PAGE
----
Newspaper Archive of
The New Era Paper
Sweet Home, Oregon
May 23, 2012     The New Era Paper
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May 23, 2012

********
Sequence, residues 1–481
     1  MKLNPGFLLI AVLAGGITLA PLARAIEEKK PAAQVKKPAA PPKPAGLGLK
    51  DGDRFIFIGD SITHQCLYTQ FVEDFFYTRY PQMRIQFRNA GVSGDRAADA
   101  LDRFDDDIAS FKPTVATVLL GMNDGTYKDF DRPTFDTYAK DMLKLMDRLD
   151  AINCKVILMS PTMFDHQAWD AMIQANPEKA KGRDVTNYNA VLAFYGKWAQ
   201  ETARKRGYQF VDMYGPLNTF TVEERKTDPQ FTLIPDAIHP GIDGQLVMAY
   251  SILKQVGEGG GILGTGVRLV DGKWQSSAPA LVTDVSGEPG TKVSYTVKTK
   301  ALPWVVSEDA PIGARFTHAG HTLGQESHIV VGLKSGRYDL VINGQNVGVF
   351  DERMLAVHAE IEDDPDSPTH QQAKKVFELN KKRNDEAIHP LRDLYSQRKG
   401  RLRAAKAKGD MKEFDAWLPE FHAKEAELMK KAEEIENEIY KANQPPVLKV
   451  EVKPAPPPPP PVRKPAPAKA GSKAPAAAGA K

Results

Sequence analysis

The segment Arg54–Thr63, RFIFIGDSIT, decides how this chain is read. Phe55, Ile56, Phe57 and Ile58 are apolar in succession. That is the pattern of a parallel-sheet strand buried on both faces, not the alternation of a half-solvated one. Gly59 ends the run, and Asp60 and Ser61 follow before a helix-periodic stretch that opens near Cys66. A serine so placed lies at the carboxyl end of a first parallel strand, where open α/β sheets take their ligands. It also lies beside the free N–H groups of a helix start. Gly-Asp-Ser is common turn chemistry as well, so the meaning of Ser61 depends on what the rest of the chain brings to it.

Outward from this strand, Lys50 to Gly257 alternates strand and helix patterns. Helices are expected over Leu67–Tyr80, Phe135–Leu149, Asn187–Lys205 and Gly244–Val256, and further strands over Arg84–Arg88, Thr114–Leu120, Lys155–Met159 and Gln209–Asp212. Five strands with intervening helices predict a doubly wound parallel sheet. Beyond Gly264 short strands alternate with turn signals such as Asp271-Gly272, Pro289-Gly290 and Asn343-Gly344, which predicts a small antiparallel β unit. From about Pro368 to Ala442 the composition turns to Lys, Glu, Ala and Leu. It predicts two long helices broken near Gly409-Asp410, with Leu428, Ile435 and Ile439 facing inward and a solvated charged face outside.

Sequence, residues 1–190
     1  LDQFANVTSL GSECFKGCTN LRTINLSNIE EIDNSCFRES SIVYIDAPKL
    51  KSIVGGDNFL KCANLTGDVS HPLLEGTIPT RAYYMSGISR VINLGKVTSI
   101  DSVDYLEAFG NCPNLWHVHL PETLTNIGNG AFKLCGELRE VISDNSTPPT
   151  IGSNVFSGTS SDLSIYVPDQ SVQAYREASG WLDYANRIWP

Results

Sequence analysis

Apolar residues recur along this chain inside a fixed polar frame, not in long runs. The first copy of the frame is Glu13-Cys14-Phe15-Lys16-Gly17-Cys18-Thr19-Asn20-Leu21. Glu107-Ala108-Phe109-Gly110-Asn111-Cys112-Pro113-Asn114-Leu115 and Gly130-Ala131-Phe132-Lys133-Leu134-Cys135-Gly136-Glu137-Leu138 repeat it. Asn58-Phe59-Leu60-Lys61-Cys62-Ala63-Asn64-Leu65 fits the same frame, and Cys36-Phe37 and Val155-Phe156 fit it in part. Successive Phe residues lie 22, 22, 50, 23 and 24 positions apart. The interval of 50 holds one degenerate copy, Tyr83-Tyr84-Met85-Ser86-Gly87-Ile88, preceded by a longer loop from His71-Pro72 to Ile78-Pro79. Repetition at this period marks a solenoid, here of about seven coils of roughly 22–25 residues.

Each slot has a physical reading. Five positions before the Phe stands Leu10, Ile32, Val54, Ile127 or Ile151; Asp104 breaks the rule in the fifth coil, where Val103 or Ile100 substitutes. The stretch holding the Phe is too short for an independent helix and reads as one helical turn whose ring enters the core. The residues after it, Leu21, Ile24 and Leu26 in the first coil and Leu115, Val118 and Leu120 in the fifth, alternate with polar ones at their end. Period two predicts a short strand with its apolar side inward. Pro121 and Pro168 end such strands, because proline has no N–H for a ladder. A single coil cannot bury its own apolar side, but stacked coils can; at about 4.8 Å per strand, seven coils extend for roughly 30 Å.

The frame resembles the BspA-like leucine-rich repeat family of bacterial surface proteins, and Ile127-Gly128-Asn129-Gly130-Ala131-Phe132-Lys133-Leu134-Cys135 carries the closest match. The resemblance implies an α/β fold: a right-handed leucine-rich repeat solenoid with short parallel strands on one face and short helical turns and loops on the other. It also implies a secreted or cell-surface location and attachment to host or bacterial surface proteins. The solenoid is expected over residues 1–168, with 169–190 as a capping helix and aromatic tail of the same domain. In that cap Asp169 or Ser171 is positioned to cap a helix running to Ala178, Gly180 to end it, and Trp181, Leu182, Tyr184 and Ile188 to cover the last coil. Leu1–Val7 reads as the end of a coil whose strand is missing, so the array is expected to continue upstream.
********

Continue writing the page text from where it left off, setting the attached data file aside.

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1 T ra - May 23, 2012 Page 3 LMNC ,LsAHY STOVES a=. Temperatures Forecast 541-928-4986 5r',in Oregon Wood, Gas, since 1 E Pellet Stoves Sales a Service Sweeps InstallaUons Inspections Almanac sponsored by Albany Stoves Inc. High Low Precip May 15 78 43 .00 May 16 76 42 .00 May 17 75 37 .00 May 18 66 39 .00 May 19 66 35 .00 May 20 70 46 .00 May 21 70 50 .00 Lake Levels Precipitation to date: 34.83 May 25, 2011: 27.27 Showers, with clearing Friday and Saturday. Highs in the 60s. Lows in the 40s. Weatl!er information courtesy of the U.S. Corps of Engineers. Call 367-5132 for updated stream flow information. Foster Reservoir: 634.34 Green Peter: 1,008.35 Detail of Ernmaus by Karl 5chmidt-Rottluff, 1918 Now it came to pass, as He sat at the table with them, that He took bread, blessed and broke it, and gave it to them, ]hen their eyes were opened and they knew Him; and He vanished from their sight. LUKE 24: 30, 31 VOUR COMMUNITV i Forest From page 1 a campground and where roads shbuld be built throughout the prop- erty. They were also taken on a hike through the farm and shown several areas filled with litter. It was then up to the children to decide whether or not to place gar- bage cans on their property or to ban outside residents from visiting. "Each child takes on a role of particular interest," said Lindsey Reeves, another organizer. "The directions of the inheritance is that they have to have a sustainable har- vest to pay taxes and support the family, so they have to follow the forest rules and regulations. That's one kid's duty and then another is really wanting to make sure the soil and water is conserved so that child really takes on wanting to understand compaction and ero- sion." The students were each given a packet of information, complete with questions for each station. Af- ter taking part in the hands-on ac- tivity at each station, students were asked to answer the questions which revolved around proper forestry practices. Aside from learning the differ- ence between silt and soil, students were granted the opportunity to bore a tree and taught how the technique can determine the age and volume of the tree. "They'll take the data back to their class and figure out how many trees they can harvest and how many they have to plant in order to stay sustainable," Reeves explained. Before heading back to the classroom, students also got a chance to go on the hunt for wildlife. "Down at the barn, they dis- sect owl pellets and learn about scat tracks and actually go out and look on the trails to see if they can track wildlife," Ash said. i Deaths From page 2 fore his death on Aug. 26, 1970 from cancer. On Oct. 9, 1971, Mrs. Horan married Earl Myers, also a product of the Blachly area and also involved in farming and mill work. They resided in Cheshire and to- gether enjoyed fishing, duck hunt- ing and gardening. Mr. Myers also died of cancer. Due to aging frailties, Mrs. Myers moved to Cascadia to live with her daughter, Joyce, for the remainder of her years. She was a devout member of Franklin Chris- tian Church, where she served as Sunday School superintendent and was active in the women's group as well as being a nursing home vol- unteer. Mrs. Myers worked at vari- ous and sundry jobs in local busi- nesses at Sweet Home, ending her working career as a cable-winder at White's Electronics. She was al- ways known for her pleasant smile, gentle disposition and willingness to help others. And her total dedi- cation in the love of her Lord. Mrs. Myers is. survived by her daughters, Francine (Elmer) Morlok and Joyce Keeney; step- son Leonard Horan; stepdaughters Helen Dornbusch and May (Mar- vin) Antrim; six grandchildren, six step-granddaughters and a host of extended family and friends. A memorial service in celebra- tion of her life and triumphant pas- sage into eternity was held May 19, at Franklin Christian Church in Junction City. Memorials in her memory may be made to Franklin Christian Church or a charity of choice. Sweet Home Funeral Chapel is handling the arrangements. The Sweet Home Gleaners received a $5,000 donation from the Siletz Tribe recently for food purchases. Pres- ent at the presentation are, from left, Karen Gerttula, charitable fund member; Tammy Felkins of Sweet Home Gleaners; and Mike Holden, charitable fund member. Alert USFS to damage As forest trails and roads are opening for the summer, U.S. For- est Service officials ask that mem- bers of the public call when they see issues, such as fallen logs, so they can deal with winter damage. Contact the Sweet Home Ranger District at (541) 367-5168. Free Pregnancy Tests  367-2447 1344 Main St. Open Mon. & Wed. 12-5 www.possiblypreg na nt.org ECONOMY onuGs Mon. - Fri. 9 a.m. - 6 p.m. Jhoon, RPH Saturday 9 a.m.- 1 p.m. .3QT-s777 [ V Located ,ns,de Thr,ftway $60 Each 3 / $150 Call by Thursday May 31st All About Sweet Home Since 1929 367-2135 Looking for something to do? Check out l;,, N,, E,-a' weekly Food & Fun Guide!